A kingfisher flashes past, a squirrel darts from branch to branch, wagtails flit to and fro. In the shallows pinhead fry dart as I wade the shallows. Vivid blue damsels alight upon the riverside grass. Bees gather upon the pink flowers of the invasive Himalayan balsam. Hazlenuts, blackberries and seed-heads tell of the passing season. The river is topped up and flowing well with more rain in the forecast it could be a good end to the season on both Taw and Torridge. Big tides at present and rough seas all bodes well for the September so often the salmon fishers best.
Todays blank trip is all to common but ever the optimist. Its good be at the waters edge as always.
See Below message from Alex Gibson of the River Taw Fisheries Association. I have repeatedly stressed the need to report incidents and concerns to the relevant bodies. It is sadly true that they may do nothing but at least our concerns are registered and if there is enough concern shown then just maybe something will be done.
The River and the Estuary; the EA and IFCA
While the cat’s away the mice will play.
As you all know our EA Enforcement Officer, Paul Carter, retired earlier this year. As things stand it is not clear when or indeed if he will be replaced. This presents us with a major problem not just for the river, but also for the estuary. Paul was cross-warranted to IFCA.
It is therefore even more important than ever for members to report pollution, poaching, illegal abstraction and other untoward events on the river as well as suspicious fishing activity including fixed long lines on the estuary where no netting is permitted except for sand eels. By putting reports into the EA we will demonstrate the importance of having an EA enforcement officer on our river. IFCA which is Brixham based with no North Devon presence or cross-warranting currently will send officers to the estuary to look into illegal fishing activities if there is appropriate intelligence information.
EA Hotline 0800 80 70 60
Devon & Severn IFCA (Brixham) 07740 175479
DIRTY WATERS – My Personal view – Wayne Thomas
I was wading down through the River Torridge a few weeks ago with a good height following heavy rain. I enjoyed my couple of hours swinging the fly across well known lies but I was down hearted by the lack of response in near perfect conditions. As I walked the river I struggled to get a grip on the slippery stones. It was as if the river bed had been coated in a layer of grease and eventually I lost my footing and fell heavily onto the stones. Fortunately my pride took the biggest blow and I fished on with a wet arm vowing to buy a new set of studs for my waders.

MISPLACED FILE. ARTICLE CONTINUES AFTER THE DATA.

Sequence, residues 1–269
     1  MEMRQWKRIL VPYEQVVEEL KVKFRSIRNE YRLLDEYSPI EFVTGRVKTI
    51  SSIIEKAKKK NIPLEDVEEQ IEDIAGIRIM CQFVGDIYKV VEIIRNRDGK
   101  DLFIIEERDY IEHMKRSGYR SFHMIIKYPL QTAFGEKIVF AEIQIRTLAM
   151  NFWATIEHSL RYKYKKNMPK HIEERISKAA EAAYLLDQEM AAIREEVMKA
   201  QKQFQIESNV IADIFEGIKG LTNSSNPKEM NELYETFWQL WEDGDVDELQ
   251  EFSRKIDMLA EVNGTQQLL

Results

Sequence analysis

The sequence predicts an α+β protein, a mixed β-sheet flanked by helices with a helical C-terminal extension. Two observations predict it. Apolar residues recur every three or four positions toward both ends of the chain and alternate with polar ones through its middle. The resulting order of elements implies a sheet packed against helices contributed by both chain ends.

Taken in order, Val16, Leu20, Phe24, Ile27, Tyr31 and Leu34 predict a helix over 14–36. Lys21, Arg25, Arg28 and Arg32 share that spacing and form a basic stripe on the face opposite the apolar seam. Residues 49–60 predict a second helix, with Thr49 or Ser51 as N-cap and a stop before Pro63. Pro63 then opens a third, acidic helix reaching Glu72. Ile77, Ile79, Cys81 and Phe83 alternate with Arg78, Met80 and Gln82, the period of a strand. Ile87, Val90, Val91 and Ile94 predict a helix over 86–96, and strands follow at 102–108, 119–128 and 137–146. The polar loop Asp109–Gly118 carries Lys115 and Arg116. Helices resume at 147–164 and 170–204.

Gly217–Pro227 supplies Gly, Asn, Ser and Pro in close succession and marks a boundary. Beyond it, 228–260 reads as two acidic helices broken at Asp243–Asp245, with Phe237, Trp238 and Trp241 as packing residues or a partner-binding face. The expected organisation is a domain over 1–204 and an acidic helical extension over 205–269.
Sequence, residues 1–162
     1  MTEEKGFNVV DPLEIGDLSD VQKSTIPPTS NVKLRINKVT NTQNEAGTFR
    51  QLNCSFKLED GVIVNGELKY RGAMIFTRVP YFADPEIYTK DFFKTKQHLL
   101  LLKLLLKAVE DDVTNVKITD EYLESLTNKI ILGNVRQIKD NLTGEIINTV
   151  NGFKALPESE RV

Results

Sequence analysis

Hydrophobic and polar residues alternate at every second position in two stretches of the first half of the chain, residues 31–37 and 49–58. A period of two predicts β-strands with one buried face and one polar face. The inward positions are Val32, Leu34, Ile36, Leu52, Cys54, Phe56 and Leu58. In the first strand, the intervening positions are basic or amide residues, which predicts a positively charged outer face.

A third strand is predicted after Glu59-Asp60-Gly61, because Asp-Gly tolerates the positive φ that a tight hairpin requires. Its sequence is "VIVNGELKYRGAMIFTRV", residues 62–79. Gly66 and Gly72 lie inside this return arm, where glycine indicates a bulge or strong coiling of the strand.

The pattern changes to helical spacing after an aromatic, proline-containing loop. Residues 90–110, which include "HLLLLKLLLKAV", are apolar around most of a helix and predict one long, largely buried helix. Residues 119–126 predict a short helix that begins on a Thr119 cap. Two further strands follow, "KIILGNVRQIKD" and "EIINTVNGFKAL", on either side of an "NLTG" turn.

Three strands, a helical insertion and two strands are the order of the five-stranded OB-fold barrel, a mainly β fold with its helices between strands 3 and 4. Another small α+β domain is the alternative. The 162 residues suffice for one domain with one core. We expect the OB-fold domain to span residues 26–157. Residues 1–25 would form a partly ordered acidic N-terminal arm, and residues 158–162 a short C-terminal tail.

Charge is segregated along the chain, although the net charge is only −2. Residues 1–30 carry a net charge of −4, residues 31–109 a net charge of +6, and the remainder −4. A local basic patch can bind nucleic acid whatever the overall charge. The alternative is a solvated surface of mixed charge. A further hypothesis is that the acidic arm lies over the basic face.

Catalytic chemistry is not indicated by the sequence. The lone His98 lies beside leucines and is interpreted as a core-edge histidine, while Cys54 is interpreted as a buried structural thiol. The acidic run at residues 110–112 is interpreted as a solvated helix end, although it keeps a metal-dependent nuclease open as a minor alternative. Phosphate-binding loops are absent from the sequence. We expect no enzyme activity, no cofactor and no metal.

Last night I was wading the foreshore casting for bass waring the same waders and I reflect now that the rocks were not slippery. They were not coated in a film of slime like those in the river. Reading the article in the Guardian below I can relate to how our rivers are sadly being allowed to decline. It is a sad story and we must do all we can to stem this sad decline born of neglect and lack of focus. We must put this higher on the political agenda for surely the health of our river and environment is priceless?
I grew up in the village of Combe Martin and fished the River Umber that is the heart of the long valley that I once called home. Precious childhood memories abound of a stream full of life, crimson spotted brown trout with bellys of buttercup yellow hues. Elvers ascended the river in early summer and could be found under every stone close to the rivers mouth. I was chatting with a fellow villager a few weeks ago and he related to the river of our youth. “Don’t see any trout in the river these days, not since the sewage works was built up river”. The sewage works was of course built to end the disgusting practice of discharging effluent directly into the sea. I can well remember the turds floating in the sea at Camels Eye close to the outfall. Whilst this was not an ideal situation and not acceptable I sometimes wonder if we have just hidden the problem shifting the issues. Investment is of course the answer but who pays?
In a corrupted world it is the environment that pays the price. But eventually we will create a vast cesspit and from what I have seen with the litter left strewn around there are those who would not mind this.
See below link to an article that recently appeared in the Guardian.
Its alarming how fast time and life fly’s past and the latest uncertain times have not slowed anything down. It was good to be heading down to Penzance with James and Rob for our annual pilgrimage in search of shark off the tip of Cornwall. As always a constant monitoring of the weather forecast preceded the trip and for once it seemed that luck was on our side with winds forecast to drop away to a light southerly on the day of the trip.